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‘Pokémon RPG’: The Eighth Revolution



Pokemon RPG

Tsunekazu Ishihara announced at E3 that the Pokémon Company was working on an RPG for the Nintendo Switch. Without revealing any substantial details, it’s not clear as to which direction this new Pokémon RPG would be heading. In the likelihood of its release in 2018, it would appear slightly too early for generation eight, as we’ve only just received Pokémon Sun and Moon last November, and anticipating the arrival of Pokémon Ultra Sun and Ultra Moon later this year. However, it has been known that the Pokémon Company has been working on some serious games for the Switch, and it was speculated that a game dubbed Pokémon Stars would be the first main game on the system. The announcement of an RPG next year seems to suggest that generation eight is impending.

Whilst premature, Pokémon on the Switch offers some exciting changes that could, once again, revolutionize the series. The Nintendo Switch has already pushed our high expectations of the Zelda franchise to untold new heights when it bravely unshackled itself from a slightly neophobic approach and evolved the franchise with The Legend of Zelda: Breath of the Wild.  From this, Pokémon has the opportunity to flatten the boundaries that each previous game has been subjected to and create an opportunity for fans to live the Pokémon adventure they have always dreamed about.

Naturally, the linear approach that has been the standard for Pokémon since its birth in 1996 would have to be reconsidered. Breath of the Wild showed a storyline does not need to be inside the walls of a linear path, and a story can be discovered by the adventure itself. This easily sticks to the framework of the previous Pokémon games, allowing the player immerse into a new region, finding towns and cities at their own choosing. With the chance to create a world as beautiful as Hyrule in Breath of the Wild, the new region could bring a fresh palette of personality, relying on adventuring into the unknown to find pokémon, rather than the percentage chances of previous generations. Different environments would produce different pokémon, rewarding the player that explores every step of the map.


The linear approach could use shaking up.

And this world should push the boundaries even more so than before. So far we’ve had regions inspired by Japan, USA, and France. This accounts for Asia, Europe, America and the Pacific. The natural step for the new Pokémon RPG would be Africa. The beauty of Africa is its diversity, allowing a creative freedom like none other. Inspiration could be taken from the cryptic pyramids in Egypt to the boisterous Serengeti in the sub-Sahara.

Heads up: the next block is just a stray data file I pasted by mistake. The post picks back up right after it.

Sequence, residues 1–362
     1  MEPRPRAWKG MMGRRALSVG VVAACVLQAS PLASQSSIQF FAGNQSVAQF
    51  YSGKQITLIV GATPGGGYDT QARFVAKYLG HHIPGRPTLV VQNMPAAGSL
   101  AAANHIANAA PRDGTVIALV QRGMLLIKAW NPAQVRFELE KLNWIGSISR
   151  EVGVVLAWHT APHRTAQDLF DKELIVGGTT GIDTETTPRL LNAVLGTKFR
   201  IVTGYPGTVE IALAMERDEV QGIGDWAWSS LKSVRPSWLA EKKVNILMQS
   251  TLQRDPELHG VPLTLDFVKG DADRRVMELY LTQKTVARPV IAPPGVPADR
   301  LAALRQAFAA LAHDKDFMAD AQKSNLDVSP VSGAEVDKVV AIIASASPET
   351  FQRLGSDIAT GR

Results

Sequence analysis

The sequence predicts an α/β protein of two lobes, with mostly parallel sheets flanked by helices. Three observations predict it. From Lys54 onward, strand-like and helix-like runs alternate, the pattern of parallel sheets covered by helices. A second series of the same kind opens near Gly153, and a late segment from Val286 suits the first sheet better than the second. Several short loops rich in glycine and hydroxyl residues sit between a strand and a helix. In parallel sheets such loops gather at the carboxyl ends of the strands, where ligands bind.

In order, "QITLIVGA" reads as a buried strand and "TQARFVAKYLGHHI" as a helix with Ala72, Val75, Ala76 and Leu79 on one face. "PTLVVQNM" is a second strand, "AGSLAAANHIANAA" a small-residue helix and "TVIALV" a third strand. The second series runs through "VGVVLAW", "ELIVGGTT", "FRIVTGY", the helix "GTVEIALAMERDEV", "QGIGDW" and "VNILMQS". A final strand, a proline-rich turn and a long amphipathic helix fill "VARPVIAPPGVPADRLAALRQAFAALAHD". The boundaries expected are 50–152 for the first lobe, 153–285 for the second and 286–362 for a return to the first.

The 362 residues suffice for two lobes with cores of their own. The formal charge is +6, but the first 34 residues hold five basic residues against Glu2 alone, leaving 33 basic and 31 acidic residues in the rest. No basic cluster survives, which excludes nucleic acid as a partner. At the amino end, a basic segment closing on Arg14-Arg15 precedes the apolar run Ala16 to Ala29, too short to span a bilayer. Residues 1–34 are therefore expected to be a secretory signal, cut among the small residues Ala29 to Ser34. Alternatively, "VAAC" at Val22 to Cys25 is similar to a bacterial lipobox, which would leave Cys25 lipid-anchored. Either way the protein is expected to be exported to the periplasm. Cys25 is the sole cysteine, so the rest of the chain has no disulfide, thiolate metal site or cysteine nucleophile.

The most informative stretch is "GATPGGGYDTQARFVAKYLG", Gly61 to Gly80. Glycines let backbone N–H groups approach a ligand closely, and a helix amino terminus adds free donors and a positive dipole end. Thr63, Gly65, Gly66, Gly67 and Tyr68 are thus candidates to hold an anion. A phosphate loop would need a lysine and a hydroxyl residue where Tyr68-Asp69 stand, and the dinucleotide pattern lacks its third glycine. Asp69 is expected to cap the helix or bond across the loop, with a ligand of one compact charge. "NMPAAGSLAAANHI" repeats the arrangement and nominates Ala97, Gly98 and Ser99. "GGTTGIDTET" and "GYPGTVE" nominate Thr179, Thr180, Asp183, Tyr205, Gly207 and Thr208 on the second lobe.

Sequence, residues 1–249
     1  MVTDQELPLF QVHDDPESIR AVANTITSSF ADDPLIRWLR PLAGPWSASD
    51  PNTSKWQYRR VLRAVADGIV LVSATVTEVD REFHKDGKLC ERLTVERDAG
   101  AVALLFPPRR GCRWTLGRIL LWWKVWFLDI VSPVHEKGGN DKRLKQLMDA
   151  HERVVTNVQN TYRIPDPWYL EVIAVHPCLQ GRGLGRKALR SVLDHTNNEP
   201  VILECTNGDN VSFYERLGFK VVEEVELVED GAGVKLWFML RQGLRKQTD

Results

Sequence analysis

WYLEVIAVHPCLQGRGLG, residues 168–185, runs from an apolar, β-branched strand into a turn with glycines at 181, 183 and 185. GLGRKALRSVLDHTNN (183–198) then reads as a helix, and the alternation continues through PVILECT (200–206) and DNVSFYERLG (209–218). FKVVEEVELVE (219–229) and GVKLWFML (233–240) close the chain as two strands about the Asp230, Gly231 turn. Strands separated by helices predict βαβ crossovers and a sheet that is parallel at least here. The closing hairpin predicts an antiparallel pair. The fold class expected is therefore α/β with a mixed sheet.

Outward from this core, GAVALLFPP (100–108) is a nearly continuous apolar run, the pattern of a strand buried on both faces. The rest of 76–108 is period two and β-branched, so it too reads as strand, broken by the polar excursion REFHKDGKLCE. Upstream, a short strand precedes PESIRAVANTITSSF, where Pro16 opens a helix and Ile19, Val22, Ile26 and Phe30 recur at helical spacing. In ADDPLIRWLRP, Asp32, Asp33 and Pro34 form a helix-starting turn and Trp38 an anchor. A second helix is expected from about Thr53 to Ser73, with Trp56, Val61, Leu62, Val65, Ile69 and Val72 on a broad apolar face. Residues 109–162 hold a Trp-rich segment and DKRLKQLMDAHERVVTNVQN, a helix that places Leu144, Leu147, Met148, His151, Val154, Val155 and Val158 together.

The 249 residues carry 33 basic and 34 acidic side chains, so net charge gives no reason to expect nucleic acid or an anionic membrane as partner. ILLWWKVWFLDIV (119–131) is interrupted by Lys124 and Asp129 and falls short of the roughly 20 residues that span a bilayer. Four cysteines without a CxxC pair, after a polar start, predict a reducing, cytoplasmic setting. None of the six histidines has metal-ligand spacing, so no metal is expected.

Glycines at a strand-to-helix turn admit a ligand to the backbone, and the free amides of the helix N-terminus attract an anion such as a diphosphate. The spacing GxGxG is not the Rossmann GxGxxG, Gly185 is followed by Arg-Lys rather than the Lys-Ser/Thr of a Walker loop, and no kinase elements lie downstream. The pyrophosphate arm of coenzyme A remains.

This leads to a unique opportunity to expand on the concept of Alolan forms. Adapting the storyline further, going to the roots of each Pokémon. Africa is the continent of our origins, and it would be fitting to make generation eight about the origins of pokémon. We know some of the story but not everything. There’s certainly room for more diverse fossil pokémon, with much of them appearing as an afterthought. With Pokémon heading further into space, it would be unwise to neglect the stories on its own world entirely. If Ultra Beasts are a concept that is going to be continued into generation eight, then there’s a multitude of stories and fables that could be told with the concept of evolution. If Pokémon Sun and Moon can be seen as a celestial balance, then generation eight could be seen as a natural balance.

Upsetting the balance of nature is where the story could really unfold. There’s always a criminal organization trying to swing the pendulum one way. This could tackle an issue Pokémon has dealt with before – poaching. This in itself could adapt the choices for the player, allowing the concept of a pokémon ranger into the game. This deviates from the linear model that Pokémon has had for so long further, allowing real choice for the player. Becoming the Pokémon League Champion, defeating some criminals, and catching all the pokémon shouldn’t be the standard for every game. Breath of the Wild, once again, did this perfectly by allowing the player to tackle other missions independently from the main storyline. Giving new opportunities to the player will alleviate the franchise into a new era, at just the moment when Pokémon’s popularity is rising.


The choice between the starter pokémon could be more balanced.

The realization of a beautiful new region, with the ability to take your journey into your own hands, should clear the way for a balanced, creative approach to new pokémon designs. Balance is crucial, especially with the starter pokémon. In Pokémon X and Y, they managed it perfectly. With Greninja, a water/dark type, having the advantage over Delphox, fire/psychic, which in turn had the advantage over Chesnaught, a grass/fighting type, which had the upper hand against Greninja; a perfect triangle. Sadly, the balance of the second typing was lost in Pokémon Sun and Moon. Pokémon RPG has an opportunity to rectify that error and create a much fairer approach to the starter pokémon, hopefully stopping the usual swing of popularity for a certain starter (Popplio deserves more love).